Mayor Rahm Emanuel will end the Chicago Way, maybe

Mayor Rahm Emanuel will end the Chicago Way, maybe
rahm blog.jpg

Does Emanuel represent a new beginning, or just more of the same?


Mayor Rahm Emanuel‘s recipe for “change” is so unlike The Chicago Way it’s hard for this native to believe in it as much as I would like to. I hope he pulls it off.

What he’s promising is nothing less than toppling nearly a century-old political culture that has comprised everything from “good graft” to outright corruption. My own memory of Chicago mayors goes back as far as Martin H. Kennelly, an ineffective reformer who got dumped by the dark forces who installed Richard J. Daley as mayor. I recall nothing comparable to what Emanuel promises to bring.

Since Kennelly, Chicago has had mayors who had either given lip service to reform (that would include Harold Washington who basically installed his own beneficiaries without really changing the spoils system) or were short-timers whose footprints on the city’s political habits have been as permanent as those on the lakefront. That would include Eugene Sawyer, Jane Byrne and Michael A. Bilandic, whose terms were not devoid of accomplishments, but did little to attack the city’s legendary, reptilian and sometimes celebrated political culture.

For the last few weeks, Richard M. Daley‘s accomplishments have filled the newspapers and broadcasts, but nothing he has done compares with Emanuel’s promises of what’s to come from this day forward. Daley has been a builder of lots of stuff, not all of it great or even good, and managed, by distributing the largesse far and wide, to tear the city’s races and ethnic groups away from each other’s throats. Which was great and good. But when it came to leading the city out of the swamp of costly and damaging corruption, his leadership was nil. When his insiders were convicted of corruption, he morphed into Mayor Big Shrug, as if he knew nothing about it and his conscience was clear. In a farewell interview with WLS-Ch. 7, Daley even sounded forgiving.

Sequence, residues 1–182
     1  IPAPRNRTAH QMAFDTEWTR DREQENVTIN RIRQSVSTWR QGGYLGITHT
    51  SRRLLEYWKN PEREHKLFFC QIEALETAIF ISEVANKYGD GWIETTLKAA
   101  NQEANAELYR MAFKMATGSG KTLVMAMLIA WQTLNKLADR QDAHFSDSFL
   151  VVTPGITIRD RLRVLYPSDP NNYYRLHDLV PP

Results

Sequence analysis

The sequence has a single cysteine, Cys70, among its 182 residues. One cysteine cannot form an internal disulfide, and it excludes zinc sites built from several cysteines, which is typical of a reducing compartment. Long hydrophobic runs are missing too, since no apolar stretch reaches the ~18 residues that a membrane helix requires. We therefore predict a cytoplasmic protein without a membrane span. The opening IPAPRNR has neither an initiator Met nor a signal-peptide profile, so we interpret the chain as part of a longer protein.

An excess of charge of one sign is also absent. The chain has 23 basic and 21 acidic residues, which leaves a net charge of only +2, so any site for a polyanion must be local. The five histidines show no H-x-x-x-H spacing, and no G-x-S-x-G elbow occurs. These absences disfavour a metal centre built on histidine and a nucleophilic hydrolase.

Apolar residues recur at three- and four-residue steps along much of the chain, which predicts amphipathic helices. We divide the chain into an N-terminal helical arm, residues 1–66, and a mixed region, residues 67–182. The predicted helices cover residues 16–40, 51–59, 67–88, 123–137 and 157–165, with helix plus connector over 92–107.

There’s no shrugging or forgiving on Emanuel’s part. Delve into the pages and pages of campaign promises and his 71-page “Chicago 2011: Transition Plan” for a whiff of the fumigation to come. Ethics reform. Professional procurement. The introduction of meritocracy into a stale bureaucracy. Financial accountability. For example, his sights are aimed directly at a bloated Chicago Public Schools administration, lazy or incompetent principals and teachers, and the Chicago Teachers Union, all responsible for the city’s stubbornly bad schools. By Emanuel’s own accounts, he is taking on the very people who crafted, nurtured and defended The Chicago Way of life.

All these problems — from the schools and crime to corruption and neighborhood abandonment –were handed to Emanuel by the Daley administration, yet Emanuel gives the departing mayor laurels for a job well done. It would be as if Barack Obama had praised George W. Bush‘s many accomplishments while promising to fix them all.

Emanuel’s wide appeal to the voters can be found not in the details of his campaign literature and transition plans, but in the attitude they represent; their aura is decidedly one of change for the better. My own guess is that Emanuel’s cross-city appeal reflected a desire to replace a Mayor Shrug with a Mayor Tough Guy. Emanuel is the not-Daley. A knuckle-cracking butt-kicker. Rahm the Ram. A mayor who has picked a school and a police superintendent made in Emanuel’s own no-nonsense image.

Perhaps it shows that Chicagoans share something with the tea party folks: They’re fed up. For Chicago, this would be a sea change.

Yet, Chicago-style cynicism intrudes. My Chicago voice tells me, “Don’t be a chump.” The forces of resistance against Emanuel are too entrenched to be moved. Or, he doesn’t mean all that he says. Nothing will change. The guy is a creature of the machine and always will be.

I hope that’s wrong. Call me a patsy and a sucker, but I see something different about Emanuel as a would-be reformer, unlike previous do-gooders. Old lakefront independents and other “goo-goos” stood not a chance against the likes of Richard J. Daley, Edward Vrdolyak, Fred Roti and Tom Keane. But Emanuel is as tough as any of them.

It’s a good bet that Emanuel will get something done. It has yet to be seen whether it will lead to a well-managed, honest and effective government or just a new version Old Chicago.

Response from Tribune readers as of 10:33  a.m.

msgrowan at 10:11 AM May 17, 2011